Mark McConnell is Famous in Belgium for His Biking and His Beard

Mark McConnell is Famous in Belgium for His Biking and His Beard Doing what he really loves has taken a local bike courier on a path to cyclocross fame in Belgium. By Christina Frangou   October 14, 2015   photograph by david dean This month, when Mark McConnell lines up…

photograph by david dean

Mark McConnell is Famous in Belgium for His Biking and His Beard

Doing what he really loves has taken a local bike courier on a path to cyclocross fame in Belgium.



photograph by david dean

This month, when Mark McConnell lines up at the muddy start line for his first European race of the cyclocross season, you’ll have an easy time spotting the Calgary bike courier amid the riders. In the pack of mostly clean-shaved cyclists, McConnell will be the rider sporting a big brown beard and a moustache.

“It’s half the reason I’m famous – well, Belgian-famous. It’s a symbol of who I am. It’d be a dishonour if I trimmed it now,” McConnell says, rubbing his beard while enjoying a coffee at Mission’s Phil & Sebastian caf.

At 27, the cyclist known as “Hot Sauce” has emerged as a popular figure on the international cyclocross circuit, thanks in no small part to his abundant facial hair and colourful personality. For proof of the latter, consider his new kit for the upcoming season: lumberjack-inspired, pink-and-teal plaid spandex.

In a European-dominated sport, McConnell is an anomaly: a bearded, mustachioed and tattooed Canadian who makes his living as a bike courier and is funded largely by a grassroots campaign selling “Hot Sauce” T-shirts and cycling caps. “It’s funny, my notoriety as the bearded cyclist… Here’s this kooky guy from Canada who is going down a muddy descent with his tongue out the side of his mouth, having the time of his life and getting cheered on by thousands of drunken Belgians who are there just to support the sport that they love,” says McConnell.

McConnell lives in Calgary most of the year, working as a courier and posting entertaining tweets and Instagram photos of his adventures through downtown (his handle for both is @hotsaucecycling). When the cyclocross season gets into full swing in late fall, he will race and train in North America for the first half of the season, then move to Belgium to train and compete, accompanied in December by his wife, Aimee Ferguson. “It’s not conventional,” says McConnell of his career path. “I actually had plans of being a physiotherapist and that went out the window when I saw my shot to do something I really love.”

Saskatchewan-born and University of Calgary-educated, McConnell started cycling in 2007 after a slew of running injuries. Within two years, he was competing in cyclocross – a madcap style of racing that involves riding and hefting a bike over an off-road obstacle course, often through mud or snow, while spectators heckle the riders from beer gardens. “That’s what I love about cyclocross. It’s a snob-free zone of bike racing,” says McConnell.

He excelled provincially and logged a few strong finishes in North America before heading to Belgium to race overseas for the first time in 2012. His initial season in Europe was an eye-opener, says McConnell. “I compare it to racing against wolves. It felt absolutely vicious,” he says. “The way cycling is bred into their culture, it’s a religion.”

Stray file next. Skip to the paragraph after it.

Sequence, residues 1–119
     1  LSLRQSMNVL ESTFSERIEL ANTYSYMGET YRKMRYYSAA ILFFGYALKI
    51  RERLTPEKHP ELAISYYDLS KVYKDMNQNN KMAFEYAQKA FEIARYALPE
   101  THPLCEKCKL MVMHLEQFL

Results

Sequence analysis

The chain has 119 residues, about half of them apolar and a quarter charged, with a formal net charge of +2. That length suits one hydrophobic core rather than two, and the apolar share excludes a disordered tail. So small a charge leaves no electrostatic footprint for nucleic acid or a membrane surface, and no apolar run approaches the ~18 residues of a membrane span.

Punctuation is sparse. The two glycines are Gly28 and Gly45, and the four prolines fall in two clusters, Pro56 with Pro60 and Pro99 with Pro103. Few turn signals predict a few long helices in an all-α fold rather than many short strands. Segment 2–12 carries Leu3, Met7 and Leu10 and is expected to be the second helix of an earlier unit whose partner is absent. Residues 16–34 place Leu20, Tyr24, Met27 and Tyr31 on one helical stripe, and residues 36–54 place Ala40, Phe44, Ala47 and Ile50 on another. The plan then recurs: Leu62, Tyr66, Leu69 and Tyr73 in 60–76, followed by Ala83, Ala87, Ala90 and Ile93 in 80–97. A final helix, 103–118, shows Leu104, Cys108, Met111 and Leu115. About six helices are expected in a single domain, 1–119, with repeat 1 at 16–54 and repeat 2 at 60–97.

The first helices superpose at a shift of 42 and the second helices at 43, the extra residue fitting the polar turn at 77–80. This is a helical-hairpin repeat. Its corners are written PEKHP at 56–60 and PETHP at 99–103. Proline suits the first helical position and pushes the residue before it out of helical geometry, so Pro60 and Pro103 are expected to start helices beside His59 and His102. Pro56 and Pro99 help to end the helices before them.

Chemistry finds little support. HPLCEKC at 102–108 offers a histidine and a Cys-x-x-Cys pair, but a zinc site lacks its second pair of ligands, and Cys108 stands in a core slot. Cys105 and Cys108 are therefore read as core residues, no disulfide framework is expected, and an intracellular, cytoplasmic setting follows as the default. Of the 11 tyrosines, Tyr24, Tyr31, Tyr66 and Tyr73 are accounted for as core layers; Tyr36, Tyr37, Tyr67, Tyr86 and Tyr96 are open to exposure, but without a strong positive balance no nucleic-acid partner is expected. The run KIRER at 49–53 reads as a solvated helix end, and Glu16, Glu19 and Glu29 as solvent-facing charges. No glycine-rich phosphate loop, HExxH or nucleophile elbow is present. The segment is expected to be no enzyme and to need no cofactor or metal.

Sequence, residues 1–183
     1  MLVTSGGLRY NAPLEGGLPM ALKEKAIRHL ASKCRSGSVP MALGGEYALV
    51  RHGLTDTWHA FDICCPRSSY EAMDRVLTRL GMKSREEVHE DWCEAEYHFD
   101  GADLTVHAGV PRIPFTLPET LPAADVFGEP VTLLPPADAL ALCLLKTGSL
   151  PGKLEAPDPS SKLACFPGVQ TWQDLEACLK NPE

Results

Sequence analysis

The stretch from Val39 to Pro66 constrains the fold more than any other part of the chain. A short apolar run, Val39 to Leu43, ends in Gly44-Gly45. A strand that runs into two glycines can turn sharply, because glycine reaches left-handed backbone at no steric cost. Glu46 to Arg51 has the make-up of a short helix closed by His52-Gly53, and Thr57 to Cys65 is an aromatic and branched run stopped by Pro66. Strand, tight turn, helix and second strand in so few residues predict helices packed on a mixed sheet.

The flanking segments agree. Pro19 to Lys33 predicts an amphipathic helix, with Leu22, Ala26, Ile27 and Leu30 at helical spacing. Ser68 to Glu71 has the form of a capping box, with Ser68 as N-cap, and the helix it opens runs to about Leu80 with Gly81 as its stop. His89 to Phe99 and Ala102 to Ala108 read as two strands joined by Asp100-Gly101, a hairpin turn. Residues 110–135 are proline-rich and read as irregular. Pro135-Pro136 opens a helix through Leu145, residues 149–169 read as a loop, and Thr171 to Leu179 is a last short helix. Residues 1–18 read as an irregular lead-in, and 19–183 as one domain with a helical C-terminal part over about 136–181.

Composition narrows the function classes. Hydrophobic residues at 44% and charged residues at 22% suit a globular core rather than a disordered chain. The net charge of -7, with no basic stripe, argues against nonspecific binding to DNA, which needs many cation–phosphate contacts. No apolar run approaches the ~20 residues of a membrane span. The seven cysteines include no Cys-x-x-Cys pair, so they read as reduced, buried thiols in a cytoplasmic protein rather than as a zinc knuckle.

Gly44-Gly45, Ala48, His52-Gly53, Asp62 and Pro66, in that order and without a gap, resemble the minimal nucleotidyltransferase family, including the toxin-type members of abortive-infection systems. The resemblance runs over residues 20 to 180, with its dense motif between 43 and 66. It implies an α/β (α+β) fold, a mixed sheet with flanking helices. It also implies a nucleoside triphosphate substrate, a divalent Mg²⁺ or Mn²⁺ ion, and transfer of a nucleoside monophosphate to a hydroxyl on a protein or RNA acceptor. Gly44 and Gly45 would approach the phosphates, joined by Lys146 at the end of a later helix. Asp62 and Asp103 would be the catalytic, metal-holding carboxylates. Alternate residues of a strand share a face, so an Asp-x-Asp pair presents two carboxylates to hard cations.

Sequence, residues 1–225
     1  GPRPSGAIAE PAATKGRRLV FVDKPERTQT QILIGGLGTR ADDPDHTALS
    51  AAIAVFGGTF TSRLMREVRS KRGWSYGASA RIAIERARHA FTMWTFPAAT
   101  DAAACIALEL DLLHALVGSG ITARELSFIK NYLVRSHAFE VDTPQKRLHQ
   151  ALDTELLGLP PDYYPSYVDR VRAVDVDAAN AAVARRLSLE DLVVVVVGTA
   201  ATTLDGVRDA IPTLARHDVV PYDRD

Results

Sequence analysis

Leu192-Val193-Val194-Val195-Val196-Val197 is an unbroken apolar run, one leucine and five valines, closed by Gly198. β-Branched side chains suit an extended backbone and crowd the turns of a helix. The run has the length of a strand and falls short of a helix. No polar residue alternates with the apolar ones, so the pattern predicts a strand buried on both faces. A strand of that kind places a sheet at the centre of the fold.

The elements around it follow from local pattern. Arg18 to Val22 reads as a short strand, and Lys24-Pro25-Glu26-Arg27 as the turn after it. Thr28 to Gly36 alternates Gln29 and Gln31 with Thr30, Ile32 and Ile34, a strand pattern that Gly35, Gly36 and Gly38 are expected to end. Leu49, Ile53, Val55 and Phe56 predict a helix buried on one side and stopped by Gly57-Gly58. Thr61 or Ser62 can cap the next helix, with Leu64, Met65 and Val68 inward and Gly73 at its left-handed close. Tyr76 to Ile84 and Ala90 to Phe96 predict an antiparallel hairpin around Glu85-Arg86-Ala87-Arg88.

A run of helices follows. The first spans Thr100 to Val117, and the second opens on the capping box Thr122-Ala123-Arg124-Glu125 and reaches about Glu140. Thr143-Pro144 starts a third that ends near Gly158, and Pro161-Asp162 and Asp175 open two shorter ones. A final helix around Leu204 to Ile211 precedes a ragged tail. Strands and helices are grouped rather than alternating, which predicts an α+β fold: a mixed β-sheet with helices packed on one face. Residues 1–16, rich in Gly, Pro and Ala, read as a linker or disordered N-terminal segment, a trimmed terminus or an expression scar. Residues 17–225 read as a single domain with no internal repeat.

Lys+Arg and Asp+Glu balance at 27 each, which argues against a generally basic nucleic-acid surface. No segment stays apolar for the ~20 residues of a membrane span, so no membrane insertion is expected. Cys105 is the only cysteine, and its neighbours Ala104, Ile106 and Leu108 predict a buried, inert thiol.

McConnell came home to Calgary, married his girlfriend – “She’s my muse,” he says – and redoubled his training efforts, logging up to 40 hours a week on his bike. Last winter, he returned to Europe to race and moved up in the International Cycling Union standings, earning the right for the first time to represent Canada in the world championships.

To raise funds for that trip, McConnell founded Hot Sauce Cycling – his own brand of $20 T-shirts and cycling caps. He says he was overwhelmed by the response in the first year, which, together with local sponsorships, helped cover nearly $15,000 of his racing expenses.

“I started Hot Sauce because I felt I couldn’t do this on my own anymore,” McConnell says. “It’s too hard being this bike courier/bike racer duo. The support I’ve received is pretty humbling. I’ll be out on a ride, or in cafs, even out in Bragg Creek, and people will stop me to say, ‘You’re Hot Sauce! I watched you at the World Cups.'”

McConnell hopes eventually to expand the Hot Sauce Cycling brand to support other riders on a Hot Sauce team – a plan that’s already in the works. For now, he’s a well-spoken proponent of local cycling, advocating for cycle tracks and safer roads for cyclists.

“I think it’s a time for cycling,” he says. “I feel like I’m not anti-car; I just believe that there are better alternatives. I believe there should be more consideration given to people who don’t want to drive.”

This year, McConnell hopes to win his first Canadian championship, which would give him the right to wear the Maple Leaf in international competitions for the 2016 season. And, perhaps, a spot with a pro team will follow.

“I’m getting to the point where I can see the potential to earn a living at this full-time, but it’s going to require two or three years of hard work,” says McConnell. “So far, I’ve basically paid my own way with a handful of supporters from the community and a few sponsors, but it’s still largely a pursuit out of love.”

Hot Sauce goods are available online at and are delivered by McConnell himself on bike in the Calgary area.

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